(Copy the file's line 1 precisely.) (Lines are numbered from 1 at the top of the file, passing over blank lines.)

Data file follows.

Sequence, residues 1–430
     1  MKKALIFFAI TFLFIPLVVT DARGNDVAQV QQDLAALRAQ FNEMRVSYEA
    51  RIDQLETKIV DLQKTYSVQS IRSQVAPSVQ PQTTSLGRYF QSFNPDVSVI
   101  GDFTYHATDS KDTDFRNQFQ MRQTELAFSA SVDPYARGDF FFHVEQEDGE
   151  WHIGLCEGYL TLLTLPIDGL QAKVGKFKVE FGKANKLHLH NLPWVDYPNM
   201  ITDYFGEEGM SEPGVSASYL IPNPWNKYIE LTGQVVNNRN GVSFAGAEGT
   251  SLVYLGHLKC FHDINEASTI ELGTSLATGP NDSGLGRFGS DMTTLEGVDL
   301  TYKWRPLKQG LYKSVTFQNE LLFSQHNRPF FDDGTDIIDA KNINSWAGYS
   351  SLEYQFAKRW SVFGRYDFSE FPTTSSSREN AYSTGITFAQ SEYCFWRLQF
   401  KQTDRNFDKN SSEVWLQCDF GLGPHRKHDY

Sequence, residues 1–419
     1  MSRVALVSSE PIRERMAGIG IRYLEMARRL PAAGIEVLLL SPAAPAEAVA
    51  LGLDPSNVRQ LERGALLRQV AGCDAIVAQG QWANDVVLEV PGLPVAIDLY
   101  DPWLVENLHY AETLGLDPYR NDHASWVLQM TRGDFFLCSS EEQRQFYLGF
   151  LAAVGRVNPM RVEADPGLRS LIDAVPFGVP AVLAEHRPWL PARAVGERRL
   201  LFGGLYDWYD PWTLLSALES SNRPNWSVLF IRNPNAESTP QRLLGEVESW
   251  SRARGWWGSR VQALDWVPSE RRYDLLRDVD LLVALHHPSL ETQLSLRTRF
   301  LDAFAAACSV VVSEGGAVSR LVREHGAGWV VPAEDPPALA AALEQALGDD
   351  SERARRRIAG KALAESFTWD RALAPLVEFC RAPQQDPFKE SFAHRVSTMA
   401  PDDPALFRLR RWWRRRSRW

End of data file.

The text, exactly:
Sequence, residues 1–430